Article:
Anish Kapoor and Bill Viola Win Japan’s Praemium Imperiale Award

Anish Kapoor

The £120,000 Praemium Imperiale is a global arts prize awarded annually by the Japan Art Association. Since its inauguration in 1989, it has become an internationally important benchmark honour for  the arts.
Six nomination committees, each chaired by an International Advisor, propose candidates in five fields: Painting, Sculpture, Architecture, Music and Theatre/Film. This year Anish Kapoor and Bill Viola were the winners of the visual arts awards. Kapoor is an imaginative and creative British sculptor, who has been putting ‘spectacular’ artwork in the public domain for forty years.  His sculpture is “an ongoing investigation about the nature of objects and the emotions this prompts in each viewer at a given moment.”  His works are frequently simple, curved forms, usually monochromatic and brightly colored.  They are awesome in their size and challenge our perceptions, often through scale, reflective surfaces or distortions.
He was born in Mumbai in 1954, and grew up in India. He moved to London to study at Hornsey College of Art and Chelsea School of Art and Design.  In his early career, he was fascinated by pigment to cover the works and floor around them.  His later works are made of solid, quarried stone, many with carved aperture, alluding to dualities such as earth-sky, matter-spirit, body-mind.  More recently in works like Sky Mirror (2001) or Cloud Gate (2004) in Chicago, he uses mirror-like surfaces to reflect or distort the viewer and the surroundings.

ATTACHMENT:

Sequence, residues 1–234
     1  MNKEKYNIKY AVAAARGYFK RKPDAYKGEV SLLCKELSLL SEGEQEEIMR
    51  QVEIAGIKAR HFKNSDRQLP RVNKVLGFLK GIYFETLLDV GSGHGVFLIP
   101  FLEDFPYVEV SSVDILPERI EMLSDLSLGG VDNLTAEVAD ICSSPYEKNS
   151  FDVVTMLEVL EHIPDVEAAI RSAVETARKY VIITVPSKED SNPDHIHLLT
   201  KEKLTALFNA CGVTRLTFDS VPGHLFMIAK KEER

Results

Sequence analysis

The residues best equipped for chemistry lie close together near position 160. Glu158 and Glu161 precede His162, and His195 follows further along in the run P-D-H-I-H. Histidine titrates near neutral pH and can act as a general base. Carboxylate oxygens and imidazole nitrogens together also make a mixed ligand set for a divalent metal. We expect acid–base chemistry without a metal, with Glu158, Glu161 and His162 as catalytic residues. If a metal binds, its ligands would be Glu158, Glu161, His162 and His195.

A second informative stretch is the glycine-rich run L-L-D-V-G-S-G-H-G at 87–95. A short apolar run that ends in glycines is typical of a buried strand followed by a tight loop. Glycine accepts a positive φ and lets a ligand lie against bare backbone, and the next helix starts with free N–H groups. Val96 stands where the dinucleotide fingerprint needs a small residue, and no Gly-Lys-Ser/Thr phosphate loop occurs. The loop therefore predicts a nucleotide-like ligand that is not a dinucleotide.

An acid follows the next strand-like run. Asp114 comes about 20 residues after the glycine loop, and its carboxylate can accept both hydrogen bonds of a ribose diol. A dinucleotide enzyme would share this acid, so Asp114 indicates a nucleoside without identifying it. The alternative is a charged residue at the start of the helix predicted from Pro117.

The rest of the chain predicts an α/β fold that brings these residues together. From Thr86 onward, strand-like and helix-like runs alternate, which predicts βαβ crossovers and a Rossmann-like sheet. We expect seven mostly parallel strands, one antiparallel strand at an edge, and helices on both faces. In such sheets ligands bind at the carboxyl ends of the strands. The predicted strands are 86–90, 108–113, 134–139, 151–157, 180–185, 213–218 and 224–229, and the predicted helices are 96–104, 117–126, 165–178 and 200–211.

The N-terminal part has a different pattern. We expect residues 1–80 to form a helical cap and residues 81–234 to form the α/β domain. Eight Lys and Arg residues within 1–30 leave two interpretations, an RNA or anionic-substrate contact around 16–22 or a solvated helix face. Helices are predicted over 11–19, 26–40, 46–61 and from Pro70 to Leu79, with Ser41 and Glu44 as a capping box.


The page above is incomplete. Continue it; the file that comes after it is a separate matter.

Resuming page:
His latest piece is Leviathan (2011), an immense piece first exhibited in the Grand Palais in Paris.  Kapoor says: “I see it as one of the principle jobs of art and the artist to make things that in spite of all rationality remain mysterious.” Bill Viola is one of the world’s leading video artists whose works are often referred to as “moving paintings”. Early on, he saw the potential of creating a new form of contemporary art combining images, movement and sound to express the human condition in a new way.
 Bill Viola was born in New York in 1951 and studied visual art and electronic music at Syracuse University.  Since his first public exhibition outside the university in 1972 (“St Jude Invitational,” Santa Clara, California with Wild Horses) his works have been exhibited all over the world. In 1995 he represented the US at the 46th Venice Biennale. Other notable exhibitions include Bill Viola: A 25-Year Survey organized by the Whitney Museum in 1997, New York, Bill Viola: The Passions first shown in 2003, and Bill Viola: Hatsu-Yume (First Dream) at Mori Art Museum in Tokyo in 2006.
His works are highly original and have included videotapes, video installations, sound environments, and works for television broadcast.  He often uses the elements of fire, water and light in his work to explore the themes of birth death and rebirth. In 1980, Viola married Kira Perov and they began a lifelong artistic collaboration. Viola says that the death of his mother and his subsequent work The Passing (1991) was a turning point.  “That was the moment I understood art.  Everything became real, and I realized that my video work as an artist and my private life at that time were the same. It changed my life dramatically.” Viola is currently in production for two video chapels in St. Paul’s Cathedral in London, to be completed in 2012. Previous UK winners of the awards established in 1989 have included the architects Zaha Hadid, Richard Rogers, Norman Foster and James Stirling and visual artists Richard Hamilton,David Hockney and Bridget Riley. Photo © ArtLyst


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